I went to have my late night supper and saw a movie in television, ant man. One scene caught my attention, it said, where time is no longer relevant, but you see, my conclusion is, time never exists, it just a measurement scale like km, liter, GHz etc, it helps us to measure changes.


While "time" is an abstract concept, as anything else, it exists because we are affected by it (you don't see anyone becoming younger as "time" passes, do you?).

sleepsleep wrote:
I went into deeper rabbit hole, does the existence of number and its relationship, actually showcase intelligent design?


Of course! OUR (humans) design!

sleepsleep wrote:
Let say I am a carpenter, I build chair, so I keep on building chair. Now what cause the idea, I need to know how many chair I built? Does the dog wants to know how many time I feed her in a single day? Does the cat wants to know how many kitten she got?

Do cats care if they are beautiful or ugly in front of a mirror and why?


It is clear that animals hava a sense of aesthetics (to choose mates, for instance), and know how to count (not by numbers, of course) - One predator is bad, but maybe manageble (Fight!), two is worse (Run!)...

sleepsleep wrote:
When there are non space instead of everything shows up in space, like a car without body, but only essential thing in daylight. The existence of things could function, integrate and perform under the hood, is already some sort of arts, just like the car body.


Huh? there are "non-space"? If it is "non space" than there is NO space, no "there are"...

sleepsleep wrote:
We are using conscious, number, logic, etc that essential for us to somehow understand what is going on, do all these concepts, ideas, etc, already exists before big bang, or before universes exist?


Obviously not... those are concepts created by us though time. An attempt to explain the phenomena surrounding us... The universe exists, things are real, it's our concepts that could be wrong (but we do the best we can!)... Smile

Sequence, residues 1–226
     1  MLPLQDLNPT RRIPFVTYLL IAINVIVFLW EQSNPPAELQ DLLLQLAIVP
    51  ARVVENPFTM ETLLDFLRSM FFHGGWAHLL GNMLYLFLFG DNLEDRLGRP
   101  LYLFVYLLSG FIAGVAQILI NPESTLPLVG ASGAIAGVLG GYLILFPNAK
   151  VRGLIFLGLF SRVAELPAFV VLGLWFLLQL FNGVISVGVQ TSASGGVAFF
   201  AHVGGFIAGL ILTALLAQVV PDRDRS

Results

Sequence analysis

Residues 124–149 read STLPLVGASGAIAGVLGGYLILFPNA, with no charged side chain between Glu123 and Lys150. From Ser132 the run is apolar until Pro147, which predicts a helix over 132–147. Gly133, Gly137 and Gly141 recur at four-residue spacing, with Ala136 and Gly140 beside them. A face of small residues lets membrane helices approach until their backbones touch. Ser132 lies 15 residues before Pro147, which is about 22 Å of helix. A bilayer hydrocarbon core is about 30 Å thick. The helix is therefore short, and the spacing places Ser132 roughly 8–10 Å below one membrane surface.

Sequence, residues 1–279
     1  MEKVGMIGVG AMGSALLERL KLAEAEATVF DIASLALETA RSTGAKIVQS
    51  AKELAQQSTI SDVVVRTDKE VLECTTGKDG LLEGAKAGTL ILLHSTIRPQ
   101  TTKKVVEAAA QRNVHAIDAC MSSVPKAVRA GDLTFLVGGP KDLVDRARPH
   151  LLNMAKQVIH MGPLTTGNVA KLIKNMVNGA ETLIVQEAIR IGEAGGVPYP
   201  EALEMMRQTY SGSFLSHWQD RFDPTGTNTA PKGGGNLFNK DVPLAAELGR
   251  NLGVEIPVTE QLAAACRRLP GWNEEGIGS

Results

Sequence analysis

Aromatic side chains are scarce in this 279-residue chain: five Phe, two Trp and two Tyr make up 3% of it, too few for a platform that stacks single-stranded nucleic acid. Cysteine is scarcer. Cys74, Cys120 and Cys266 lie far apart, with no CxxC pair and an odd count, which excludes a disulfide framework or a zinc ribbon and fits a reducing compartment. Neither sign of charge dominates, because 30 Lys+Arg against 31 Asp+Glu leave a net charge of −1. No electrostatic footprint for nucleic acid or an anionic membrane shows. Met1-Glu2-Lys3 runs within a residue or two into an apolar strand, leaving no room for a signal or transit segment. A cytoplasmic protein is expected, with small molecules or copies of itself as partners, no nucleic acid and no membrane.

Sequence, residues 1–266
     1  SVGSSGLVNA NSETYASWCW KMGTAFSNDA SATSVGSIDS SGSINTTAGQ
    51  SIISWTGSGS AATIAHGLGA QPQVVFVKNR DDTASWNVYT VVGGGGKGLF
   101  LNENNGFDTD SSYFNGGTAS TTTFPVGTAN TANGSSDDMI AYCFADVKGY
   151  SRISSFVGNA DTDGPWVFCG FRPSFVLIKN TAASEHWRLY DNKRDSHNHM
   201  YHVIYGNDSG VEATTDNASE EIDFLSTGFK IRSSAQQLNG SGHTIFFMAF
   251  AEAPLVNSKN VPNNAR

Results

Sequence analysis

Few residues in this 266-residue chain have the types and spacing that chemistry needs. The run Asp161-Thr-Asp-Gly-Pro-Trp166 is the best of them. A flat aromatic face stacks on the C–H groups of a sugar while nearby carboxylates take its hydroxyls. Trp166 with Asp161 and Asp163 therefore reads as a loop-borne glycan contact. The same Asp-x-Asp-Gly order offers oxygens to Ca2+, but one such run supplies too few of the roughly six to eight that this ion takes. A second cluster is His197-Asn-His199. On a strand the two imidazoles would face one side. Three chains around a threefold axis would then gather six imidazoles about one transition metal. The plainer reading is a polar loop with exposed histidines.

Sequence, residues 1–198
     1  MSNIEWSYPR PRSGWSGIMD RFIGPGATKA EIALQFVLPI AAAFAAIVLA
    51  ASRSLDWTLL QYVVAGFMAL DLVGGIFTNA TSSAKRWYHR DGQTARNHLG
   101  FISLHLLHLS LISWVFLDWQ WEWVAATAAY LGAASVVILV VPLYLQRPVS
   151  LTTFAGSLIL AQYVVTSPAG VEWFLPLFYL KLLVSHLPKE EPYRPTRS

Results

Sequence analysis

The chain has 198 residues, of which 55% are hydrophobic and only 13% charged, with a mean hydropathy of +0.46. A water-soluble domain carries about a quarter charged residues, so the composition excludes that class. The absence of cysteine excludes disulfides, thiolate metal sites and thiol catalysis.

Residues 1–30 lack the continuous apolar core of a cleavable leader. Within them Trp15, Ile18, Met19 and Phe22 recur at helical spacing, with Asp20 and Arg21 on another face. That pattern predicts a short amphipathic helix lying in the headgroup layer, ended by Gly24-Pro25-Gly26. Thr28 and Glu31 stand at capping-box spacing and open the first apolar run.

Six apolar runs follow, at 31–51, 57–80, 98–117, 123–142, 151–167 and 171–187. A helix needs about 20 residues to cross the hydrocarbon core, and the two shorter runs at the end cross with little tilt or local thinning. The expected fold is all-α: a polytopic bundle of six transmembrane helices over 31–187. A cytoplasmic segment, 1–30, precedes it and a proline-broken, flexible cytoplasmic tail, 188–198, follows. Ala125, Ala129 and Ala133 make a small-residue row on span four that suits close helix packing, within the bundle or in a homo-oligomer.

sleepsleep wrote:
Who am I before I am here right now on Earth, solving this is equal to solving where the hell universe came from I guess. Laughing


My tendence is to say "You didn't exist before your birth", as you'll not exist after your death. But, in fact, nobody knows... I think this problem is unsolvable.
Post 21 Apr 2019, 14:44
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fpissarra



Joined: 10 Apr 2019
Posts: 64
fpissarra
Ali.Z wrote:
im not really into this discussion, but math is optional in programming.
you and/or others probably know im bad in math, but seriously math is optional.

maybe math is needed when working on graphics, converting from one numeral system to another, or when writing an assembler.

and i really dont know anything about math, at all.


Well... then you know nothing abour programming at all as well... All programming and programming languages are is math. "algorithms" are applied math. Control keywords as 'if', 'then', 'else', 'for', 'while'... all came from math (logic). Notice that what you do in your code is to write "functions" and "expressions" using numbers (even strings or chars are numbers!) and "variables" (like i, j, k, x, y, z), sequences (arrays), etc...

Programming IS math. Math isn't optional.
Post 21 Apr 2019, 15:13
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Ali.Z



Joined: 08 Jan 2018
Posts: 344
Ali.Z
fpissarra wrote:
Ali.Z wrote:
im not really into this discussion, but math is optional in programming.
you and/or others probably know im bad in math, but seriously math is optional.